Robots can greatly improve our quality of life as they provide valuable services which free us from repetitive or difficult tasks. Despite this fact, many people are intimidated by the introduction of robots into everyday life; this is in part due to their ability to perform tasks with greater efficiency than humans, in part to the human-like appearance with which many robots are designed.
There are some, however, who view the introduction of robots into normal life as an incredible opportunity: One such example is Pal Robotics, a Spanish company convinced that our society is becoming more and more robotic, and as a result, the interaction between human and machine will become increasingly natural and safe. Founded in 2004 in Barcelona, with over 30 employees including engineers and developers, Pal Robotics has studied, designed and created a diverse collection of robots, adapting them to the different scenarios and roles specific to unique tasks. One example is the robot “Talos,” an exclusively electric robot standing at 175 cm tall and weighing an impressive 95 kilos. “Each joint has a pair of sensors that receives and sends impulses. It can twist, walk to a speed of up to 3 kilometers per hour, and lift weights up to 6 kilos with both arms outstretched,” says Judith Viladomat of Pal Robotics. “Talos is able to respond quickly and accurately to external impulses, making it one of the most powerful bipedal robots on the market today.” For this reason, Talos has also been used to study the introduction of the robot in the manufacturing sector. “Talos can punch holes, fasten bolts, and easily handle medium-to-heavy tools.” It may therefore perform relatively risky functions for humans in industry 4.0.
In addition to Talos, Pal Robotics has developed other human-like robots, such as Reem and Reem-C. At 170 cm high, Reem was designed to provide services typically performed by people due in the hospitality and tourism sectors – for example, to check-in guests at reception desks during conferences, in museums, or at airports. Reem-C, on the other hand, is capable of finding specific people in large environments.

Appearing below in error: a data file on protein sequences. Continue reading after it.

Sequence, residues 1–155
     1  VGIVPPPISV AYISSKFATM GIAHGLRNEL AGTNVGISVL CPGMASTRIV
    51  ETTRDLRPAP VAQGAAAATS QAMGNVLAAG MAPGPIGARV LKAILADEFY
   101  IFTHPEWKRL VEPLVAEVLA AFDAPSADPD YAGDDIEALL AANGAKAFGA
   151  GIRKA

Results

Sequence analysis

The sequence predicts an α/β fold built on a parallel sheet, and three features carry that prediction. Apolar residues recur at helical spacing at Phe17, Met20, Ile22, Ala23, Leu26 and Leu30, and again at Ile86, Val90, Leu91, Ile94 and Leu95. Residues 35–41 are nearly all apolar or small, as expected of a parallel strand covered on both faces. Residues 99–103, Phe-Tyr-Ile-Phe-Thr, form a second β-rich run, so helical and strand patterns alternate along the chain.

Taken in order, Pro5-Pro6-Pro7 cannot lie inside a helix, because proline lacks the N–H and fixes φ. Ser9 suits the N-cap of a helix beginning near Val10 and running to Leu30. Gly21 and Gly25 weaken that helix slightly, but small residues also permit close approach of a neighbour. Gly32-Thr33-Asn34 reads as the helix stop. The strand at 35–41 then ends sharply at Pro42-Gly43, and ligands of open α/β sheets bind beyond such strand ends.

Another robot, Tiago, is highly useful at home. “Thanks to its configuration, it combines autonomous walking, smart perception, manipulation of tools and the ability to interact with humans. All this is performed by adapting to different tasks assigned to him by the user.” Tiago’s main strength is that is can assist the elderly, helping them to be as independent as possible. “In Poland, Greece, and England, we sent Tiago to live with a number of elderly individuals for 10 weeks as an experiment. The feedback was overall very positive: the robot was useful in reminding clients to take medications, making healthy dietary suggestions, measuring blood pressure and sending data to doctors, and even providing a small level of ‘human’ interaction. In addition, Tiago was able to find objects such as keys, wallet or lost phones lost within the home.” In the industrial field, Tiago is an example of a ‘co-bot,’ a collaborative robot that can move from one task to another as it follows human-managed commands. Tiago comes with a base (‘Tiago base’) that is detachable from its main body and can be adapted to a variety of in-house needs. All the robots are customizable.
Robots may take over valuable roles not only in our homes and warehouses, but also in retail environments. Pal Robotics has developed a robotic solution for automation and optimization of inventory in stores or warehouses, called ‘StockBot.’ Already used in many stores in Europe, StockBot actually interacts with customers. It has an autonomous navigation system and can provide clients with a complete list of what is in store upon request. While many believe that robots will take away jobs, spur unemployment and stir social hardship, the reality is that – when introduced correctly – robots may play a critical role in increasing our quality of life.
We still have much to learn from these creations, and perhaps in the future we will come to see robotics and AI an opportunity, rather than a threat.